Issued on Tuesday 7 May 2013 | Product Code IDCKGEWWOO
The tropical Pacific has remained in a neutral El Niño-Southern Oscillation (ENSO) state since mid 2012. All atmospheric and oceanic indicators of ENSO are currently well within neutral values. International climate models surveyed by the Bureau of Meteorology favour an ENSO-neutral state persisting into the southern hemisphere winter.
Following record high ocean temperatures around Australia during the summer, oceans have remained warmer than average, with January to April 2013 the warmest such period on record. Warm ocean surface temperatures around the continent may enhance local rainfall under favourable conditions.
The Indian Ocean Dipole (IOD) index is currently neutral. Model outlooks of the IOD are mixed, with three of the five models favouring the development of a negative IOD during the southern hemisphere winter-spring period. Overall, a negative IOD event is slightly favoured over neutral conditions. A negative IOD during winter-spring increases the chances of above normal rainfall over southern Australia.
Next update expected on 21 May 2013 | print version
The sea-surface temperature (SST) anomaly map for April shows near-average SSTs across nearly the entire tropical Pacific. A small area of cool anomalies hugs the South American coastline and warm anomalies continue across most of the Maritime Continent region. The eastern equatorial Pacific has cooled compared to April but elsewhere anomalies remain similar.
SST anomalies have cooled in the eastern equatorial Pacific when compared to two weeks ago. The map for the week ending 5 May shows negative SST anomalies are present along the equator between the South American coast and 130°W. Elsewhere along the equator SSTs are near average with above warm anomalies in the far western Pacific and across the south of the Pacific Basin, poleward of the tropics. Warm anomalies also remain around much of the Australian coastline.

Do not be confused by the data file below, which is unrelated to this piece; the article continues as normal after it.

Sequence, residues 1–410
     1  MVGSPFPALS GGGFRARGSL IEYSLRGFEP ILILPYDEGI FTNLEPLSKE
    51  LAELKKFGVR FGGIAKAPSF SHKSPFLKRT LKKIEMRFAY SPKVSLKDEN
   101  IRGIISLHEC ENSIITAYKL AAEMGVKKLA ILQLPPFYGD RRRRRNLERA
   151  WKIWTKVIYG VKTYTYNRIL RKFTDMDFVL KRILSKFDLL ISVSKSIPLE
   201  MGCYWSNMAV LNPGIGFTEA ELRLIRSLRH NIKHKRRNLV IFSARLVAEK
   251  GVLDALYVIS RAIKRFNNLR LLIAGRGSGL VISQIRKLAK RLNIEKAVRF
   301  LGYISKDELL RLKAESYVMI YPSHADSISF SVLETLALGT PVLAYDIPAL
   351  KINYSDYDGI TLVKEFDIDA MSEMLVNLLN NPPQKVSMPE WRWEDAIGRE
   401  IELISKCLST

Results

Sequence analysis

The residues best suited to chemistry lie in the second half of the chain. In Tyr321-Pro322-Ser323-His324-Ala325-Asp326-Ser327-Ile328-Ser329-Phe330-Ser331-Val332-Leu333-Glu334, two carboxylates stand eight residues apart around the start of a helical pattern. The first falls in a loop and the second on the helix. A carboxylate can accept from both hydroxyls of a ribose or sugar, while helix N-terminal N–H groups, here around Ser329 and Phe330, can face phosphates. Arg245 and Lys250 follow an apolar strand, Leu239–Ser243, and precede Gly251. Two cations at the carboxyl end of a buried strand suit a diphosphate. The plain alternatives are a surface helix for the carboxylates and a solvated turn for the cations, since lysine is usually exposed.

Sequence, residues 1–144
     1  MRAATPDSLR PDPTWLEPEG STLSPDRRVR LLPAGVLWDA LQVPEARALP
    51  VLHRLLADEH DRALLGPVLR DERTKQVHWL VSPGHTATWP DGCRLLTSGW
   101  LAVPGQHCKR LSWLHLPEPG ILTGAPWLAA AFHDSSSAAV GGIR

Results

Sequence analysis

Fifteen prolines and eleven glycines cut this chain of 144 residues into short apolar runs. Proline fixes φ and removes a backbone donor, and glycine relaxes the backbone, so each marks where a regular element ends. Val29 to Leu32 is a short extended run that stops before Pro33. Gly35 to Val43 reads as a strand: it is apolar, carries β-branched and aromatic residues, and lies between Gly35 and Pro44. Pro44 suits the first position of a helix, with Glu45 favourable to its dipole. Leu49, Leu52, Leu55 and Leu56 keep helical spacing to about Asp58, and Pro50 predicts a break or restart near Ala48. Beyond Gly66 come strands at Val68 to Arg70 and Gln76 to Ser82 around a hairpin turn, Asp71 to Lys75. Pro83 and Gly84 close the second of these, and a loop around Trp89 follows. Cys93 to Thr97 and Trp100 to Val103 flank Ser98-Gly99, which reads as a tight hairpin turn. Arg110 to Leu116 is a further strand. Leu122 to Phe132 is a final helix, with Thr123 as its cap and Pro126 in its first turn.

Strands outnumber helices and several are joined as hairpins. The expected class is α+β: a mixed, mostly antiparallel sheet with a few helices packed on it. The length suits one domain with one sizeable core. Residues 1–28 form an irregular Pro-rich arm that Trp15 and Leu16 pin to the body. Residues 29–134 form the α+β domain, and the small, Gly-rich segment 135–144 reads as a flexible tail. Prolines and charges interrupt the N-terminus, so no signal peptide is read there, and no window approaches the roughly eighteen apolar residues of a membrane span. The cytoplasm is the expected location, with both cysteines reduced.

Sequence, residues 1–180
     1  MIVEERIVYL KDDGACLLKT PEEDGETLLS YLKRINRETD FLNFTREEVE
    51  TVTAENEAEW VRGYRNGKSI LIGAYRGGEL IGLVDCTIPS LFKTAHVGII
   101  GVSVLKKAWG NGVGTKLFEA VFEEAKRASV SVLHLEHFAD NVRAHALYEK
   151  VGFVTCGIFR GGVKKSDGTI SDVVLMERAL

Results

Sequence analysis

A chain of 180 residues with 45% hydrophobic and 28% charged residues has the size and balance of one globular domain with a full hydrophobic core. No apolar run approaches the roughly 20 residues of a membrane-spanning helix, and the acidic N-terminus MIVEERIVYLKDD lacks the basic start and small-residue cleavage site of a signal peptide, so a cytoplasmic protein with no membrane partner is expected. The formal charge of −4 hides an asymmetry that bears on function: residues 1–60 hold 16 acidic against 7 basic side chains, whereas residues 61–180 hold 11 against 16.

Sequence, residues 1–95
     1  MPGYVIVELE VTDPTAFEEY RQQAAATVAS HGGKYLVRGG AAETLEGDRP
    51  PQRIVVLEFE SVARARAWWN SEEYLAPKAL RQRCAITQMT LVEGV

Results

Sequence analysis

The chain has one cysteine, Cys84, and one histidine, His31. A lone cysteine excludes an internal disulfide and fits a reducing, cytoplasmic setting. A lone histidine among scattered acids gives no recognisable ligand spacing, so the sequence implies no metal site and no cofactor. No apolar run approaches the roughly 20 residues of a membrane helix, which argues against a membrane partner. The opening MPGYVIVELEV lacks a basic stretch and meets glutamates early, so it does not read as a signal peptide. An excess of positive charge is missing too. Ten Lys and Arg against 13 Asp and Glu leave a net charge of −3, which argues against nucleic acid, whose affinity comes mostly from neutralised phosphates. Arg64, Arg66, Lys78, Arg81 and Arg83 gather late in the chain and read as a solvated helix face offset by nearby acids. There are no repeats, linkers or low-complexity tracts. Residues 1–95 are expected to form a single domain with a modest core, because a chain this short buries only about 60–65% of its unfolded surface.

|The four-month sequence of sub-surface temperature anomalies (to April) shows cool anomalies in the sub-surface of the eastern to central equatorial Pacific; this pool of cooler than normal water peaked in extent in January and has weakened since. The position of this pool of cooler-than-average water has been moving westward over recent months. Much of this water was more than 2 °C cooler than average for April. Warm anomalies remain present in the sub-surface of the far western equatorial Pacific.|
|Compared to two weeks ago, the sub-surface map for the 5 days ending 5 May shows cool anomalies in the subsurface of the eastern Pacific have strengthened; water more than 1 °C cooler than average is present between 50 and 250 m deep across nearly all of the equatorial Pacific, reaching more than 3 °C cooler than average east of the Date Line. Warm anomalies are still present in the far western equatorial Pacific sub-surface.|
The Southern Oscillation Index (SOI) has continued to drop over the last two weeks. The latest 30-day SOI value to 5 May is −3.6.
Sustained positive values of the SOI above +8 may indicate a La Niña event, while sustained negative values below −8 may indicate an El Niño event. Values of between about +8 and −8 generally indicate neutral conditions.
Trade winds have strengthened across the western tropical Pacific during the past two weeks. The anomaly map for the 5 days ending 5 May shows trade winds are stronger than average across the far western tropical Pacific and near average elsewhere.
During La Niña events, there is a sustained strengthening of the trade winds across much of the tropical Pacific, while during El Niño events there is a sustained weakening of the trade winds.
Cloudiness near the Date Line has been below average during the past two weeks.
Cloudiness along the equator, near the Date Line, is an important indicator of ENSO conditions, as it typically increases (negative OLR anomalies) near and to the east of the Date Line during an El Niño event and decreases (positive OLR anomalies) during a La Niña event.
International climate models surveyed by the Bureau indicate that SSTs in the equatorial Pacific Ocean are likely to remain neutral at least until the southern hemisphere spring.
The Indian Ocean Dipole (IOD) is currently neutral, with the latest IOD index value at +0.2 °C for the week ending 5 May. Current model outlooks indicate the IOD will remain on the cool side of neutral into the southern hemisphere winter. However, three of the five models surveyed indicate the possibility of a negative IOD heading into the southern spring. A negative IOD during spring increases the chances of above normal rainfall over southern Australia.